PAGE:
From manufacturing hubs and roadway improvements, to myriad residential developments on tap — Pasco County has much to be thankful for during these unique and challenging times.
That was the overarching message put forth by Pasco County Commissioner Ron Oakley at the annual Zephyrhills Economic Summit, held in October at Zephyrhills City Hall.
The county commissioner was among featured speakers during the event organized by the Greater Zephyrhills Chamber of Commerce.
Oakley exuded optimism about Pasco’s future, from the moment he stepped up to the microphone: “Goodness gracious, you couldn’t ask for a busier county, and a busier East Pasco county,” he said.
He’s particularly bullish on an influx of manufacturing opportunities throughout East Pasco.
One case in point: A new industrial park in Lacoochee, headlined by a 25-acre precast concrete plant, with room for additional tenants.
The little town just north of Dade City has struggled to find development for decades — since Cummer’s lumber mill closed back in 1959.
Upgrades to Cummer Road and Bower Road in the area, plus workforce housing opportunities, provide “improvements we need for that manufacturing going there,” Oakley said.
There’s other potential boons, too, such as the 99-acre wastewater spray field on Old Pasco Road in Wesley Chapel that’s being developed as a commercial park by the Atlanta-based Rooker Company.
Oakley also mentioned two warehouses that, taken together, total more than 900,000 square feet, and are set to be developed along State Road 52 and Interstate 75.
“Most people haven’t heard about them, but they’re coming. I’ve been told by the developer that they’re coming. They’re going to provide 600 to 800 jobs,” Oakley said.
People moving to the area for work are going to need places to live, of course.
That’s no problem, as the area continues to add to its residential options.
Oakley pointed to thousands of new homes that are underway, or will be, in large subdivisions in Zephyrhills, and in master-planned developments, including Mirada in San Antonio, and Connected City and WaterGrass in Wesley Chapel.
Oakley also highlighted some major transportation improvements.
Those projects include:
- Widening County Road 54
- Improving the intersection at State Road 54 and Eiland Boulevard/Morris Bridge Road
- Creating the diverging diamond at Interstate 75 and State Road 56
- Building a new interchange at I-75 and Overpass Road
- Realigning the intersection at U.S. 301/U.S. 98/Clinton Avenue
- Widening State Road 50, from North Pasco across the Hernando County line
- Paving projects on Eighth Avenue and on Jerome Road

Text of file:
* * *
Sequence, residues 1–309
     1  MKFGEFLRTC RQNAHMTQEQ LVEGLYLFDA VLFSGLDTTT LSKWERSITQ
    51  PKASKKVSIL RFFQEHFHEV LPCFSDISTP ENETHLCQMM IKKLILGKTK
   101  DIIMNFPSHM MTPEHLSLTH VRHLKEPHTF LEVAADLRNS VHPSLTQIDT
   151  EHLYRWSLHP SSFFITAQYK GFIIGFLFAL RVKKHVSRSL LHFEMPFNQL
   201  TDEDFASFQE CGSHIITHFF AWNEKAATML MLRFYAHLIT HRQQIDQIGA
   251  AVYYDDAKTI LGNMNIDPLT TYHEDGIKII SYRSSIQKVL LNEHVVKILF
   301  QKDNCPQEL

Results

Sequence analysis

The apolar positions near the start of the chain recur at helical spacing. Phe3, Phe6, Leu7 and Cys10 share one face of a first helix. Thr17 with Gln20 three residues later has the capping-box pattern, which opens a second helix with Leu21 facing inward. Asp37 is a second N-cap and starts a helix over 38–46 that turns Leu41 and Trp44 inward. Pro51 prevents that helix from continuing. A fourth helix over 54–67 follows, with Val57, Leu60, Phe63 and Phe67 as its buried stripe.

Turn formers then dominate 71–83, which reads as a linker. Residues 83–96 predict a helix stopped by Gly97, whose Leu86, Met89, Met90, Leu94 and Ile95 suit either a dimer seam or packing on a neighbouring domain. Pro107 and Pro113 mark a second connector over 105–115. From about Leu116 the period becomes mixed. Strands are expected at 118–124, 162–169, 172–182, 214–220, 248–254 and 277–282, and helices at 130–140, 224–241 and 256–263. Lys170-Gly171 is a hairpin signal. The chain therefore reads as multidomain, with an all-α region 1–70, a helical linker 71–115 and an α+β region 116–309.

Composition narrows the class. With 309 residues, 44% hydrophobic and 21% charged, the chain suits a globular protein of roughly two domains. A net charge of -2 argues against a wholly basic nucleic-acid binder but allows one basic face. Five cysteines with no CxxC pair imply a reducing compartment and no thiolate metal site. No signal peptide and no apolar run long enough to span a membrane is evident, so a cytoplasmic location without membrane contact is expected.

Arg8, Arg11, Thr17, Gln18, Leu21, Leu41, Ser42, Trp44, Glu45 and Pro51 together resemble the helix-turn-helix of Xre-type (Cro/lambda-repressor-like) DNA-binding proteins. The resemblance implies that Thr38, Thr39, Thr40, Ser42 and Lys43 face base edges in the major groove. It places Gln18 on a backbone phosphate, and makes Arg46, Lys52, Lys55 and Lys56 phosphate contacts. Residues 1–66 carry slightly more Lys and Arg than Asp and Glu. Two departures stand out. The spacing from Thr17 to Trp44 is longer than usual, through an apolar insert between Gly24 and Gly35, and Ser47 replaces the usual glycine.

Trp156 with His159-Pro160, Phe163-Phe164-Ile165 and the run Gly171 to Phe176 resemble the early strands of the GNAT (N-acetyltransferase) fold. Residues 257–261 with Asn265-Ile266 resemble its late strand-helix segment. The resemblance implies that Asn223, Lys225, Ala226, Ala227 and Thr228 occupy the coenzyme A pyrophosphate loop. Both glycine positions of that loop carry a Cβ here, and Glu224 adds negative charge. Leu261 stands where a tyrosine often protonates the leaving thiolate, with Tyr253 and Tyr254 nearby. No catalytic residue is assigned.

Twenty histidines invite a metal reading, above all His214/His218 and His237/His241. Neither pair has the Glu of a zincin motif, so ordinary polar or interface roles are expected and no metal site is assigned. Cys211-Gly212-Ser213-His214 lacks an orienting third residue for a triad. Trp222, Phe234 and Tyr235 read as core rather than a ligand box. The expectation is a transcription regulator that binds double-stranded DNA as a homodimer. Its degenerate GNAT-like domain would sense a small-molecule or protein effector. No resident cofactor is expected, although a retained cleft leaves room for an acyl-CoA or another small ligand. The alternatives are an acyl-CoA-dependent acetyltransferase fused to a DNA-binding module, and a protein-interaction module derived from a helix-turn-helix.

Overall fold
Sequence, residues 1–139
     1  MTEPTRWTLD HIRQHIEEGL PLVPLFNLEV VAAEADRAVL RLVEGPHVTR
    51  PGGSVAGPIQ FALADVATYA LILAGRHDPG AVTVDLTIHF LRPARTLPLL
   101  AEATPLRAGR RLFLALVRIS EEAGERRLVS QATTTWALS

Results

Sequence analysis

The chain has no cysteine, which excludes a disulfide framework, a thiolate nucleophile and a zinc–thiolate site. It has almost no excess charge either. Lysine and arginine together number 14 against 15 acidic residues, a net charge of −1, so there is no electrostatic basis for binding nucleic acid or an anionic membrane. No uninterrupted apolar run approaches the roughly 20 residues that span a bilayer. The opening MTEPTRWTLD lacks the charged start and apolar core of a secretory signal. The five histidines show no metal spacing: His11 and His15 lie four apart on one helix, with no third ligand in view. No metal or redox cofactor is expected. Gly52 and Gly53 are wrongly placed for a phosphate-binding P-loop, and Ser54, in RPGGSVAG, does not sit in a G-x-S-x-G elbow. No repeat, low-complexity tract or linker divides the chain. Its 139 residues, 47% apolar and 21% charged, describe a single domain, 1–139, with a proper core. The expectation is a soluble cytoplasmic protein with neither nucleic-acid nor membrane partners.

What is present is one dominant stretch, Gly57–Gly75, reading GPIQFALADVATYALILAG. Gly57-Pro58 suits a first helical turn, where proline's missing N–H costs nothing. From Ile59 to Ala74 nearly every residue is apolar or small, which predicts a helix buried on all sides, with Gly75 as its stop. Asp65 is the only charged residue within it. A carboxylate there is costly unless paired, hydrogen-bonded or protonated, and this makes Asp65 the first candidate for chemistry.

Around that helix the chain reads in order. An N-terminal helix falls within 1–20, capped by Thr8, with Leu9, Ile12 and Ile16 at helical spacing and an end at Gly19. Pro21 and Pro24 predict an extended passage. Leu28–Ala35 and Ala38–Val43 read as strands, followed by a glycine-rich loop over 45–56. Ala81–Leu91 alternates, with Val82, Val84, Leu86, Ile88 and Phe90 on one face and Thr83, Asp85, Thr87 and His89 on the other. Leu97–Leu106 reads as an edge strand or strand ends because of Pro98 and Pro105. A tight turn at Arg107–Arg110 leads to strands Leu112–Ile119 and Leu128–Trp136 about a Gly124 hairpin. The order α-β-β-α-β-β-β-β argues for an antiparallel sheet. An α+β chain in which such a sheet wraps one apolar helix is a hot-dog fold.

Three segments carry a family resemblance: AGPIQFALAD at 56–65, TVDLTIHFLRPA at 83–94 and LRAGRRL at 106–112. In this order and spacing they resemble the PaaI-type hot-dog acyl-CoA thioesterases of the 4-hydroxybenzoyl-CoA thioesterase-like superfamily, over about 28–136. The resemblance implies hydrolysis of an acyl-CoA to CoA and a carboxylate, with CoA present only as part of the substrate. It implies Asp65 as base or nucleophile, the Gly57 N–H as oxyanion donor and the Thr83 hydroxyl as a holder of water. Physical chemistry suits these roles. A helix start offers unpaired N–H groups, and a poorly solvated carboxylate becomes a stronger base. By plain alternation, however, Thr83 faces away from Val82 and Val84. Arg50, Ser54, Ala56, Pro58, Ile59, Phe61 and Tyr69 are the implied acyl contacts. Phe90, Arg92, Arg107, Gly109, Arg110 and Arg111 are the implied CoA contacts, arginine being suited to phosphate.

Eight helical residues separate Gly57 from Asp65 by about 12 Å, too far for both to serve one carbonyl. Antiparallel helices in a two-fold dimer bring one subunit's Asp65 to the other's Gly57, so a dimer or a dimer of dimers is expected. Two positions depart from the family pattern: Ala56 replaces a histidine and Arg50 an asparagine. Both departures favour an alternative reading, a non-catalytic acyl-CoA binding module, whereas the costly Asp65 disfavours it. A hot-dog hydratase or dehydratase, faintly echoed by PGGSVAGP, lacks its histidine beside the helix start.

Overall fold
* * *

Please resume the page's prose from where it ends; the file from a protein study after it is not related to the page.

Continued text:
Oakley underscored the significance of improving the roadways and transportation connections — in the quest to boost the region’s economy.
“You connect all these roads, and you look at the transportation value you have in the roads, and moving of people and products across our county, and with manufacturing and being able to move out from this area to other parts, and come into this area.
“Think about all the road projects, and if they get done. What a change that’ll be to our county and the way we move traffic,” the commissioner said.
In summation, the area’s complementary blend of infrastructure, industrial jobs and housing opportunities signal more positive economic times ahead for the region, Oakley reasoned.
“You’ve got everything that’s going to make this economy boom. You’re talking about a stimulus where, ‘You build and they’ll come.’ People are coming. People are coming from the north, from other areas into this area.
“It’s just amazing what’s going to happen in our area, and it’s a change. Think about three or four years down the road, how these things come about, so it’s great things to look forward to,” Oakley said.
He also pointed to the county’s efforts to reduce bureaucratic red tape that can hamper progress.
Besides being a commissioner, Oakley’s experience includes working in his family’s citrus and agriculture business with his brother and father, and serving as vice president of the family’s transportation company, Oakley Transport, which hauls liquid food commodities in stainless steel tanks.
He understands the need for government efficiency.
“I’ve had my hand in a lot of different businesses and all. I know what we don’t want to see when we go to get a permit, and what we do want to see is a happy face and, ‘Here’s how you get through the process.’ We try to streamline things and make things better for everyone,” Oakley said.
Published November 11, 2020
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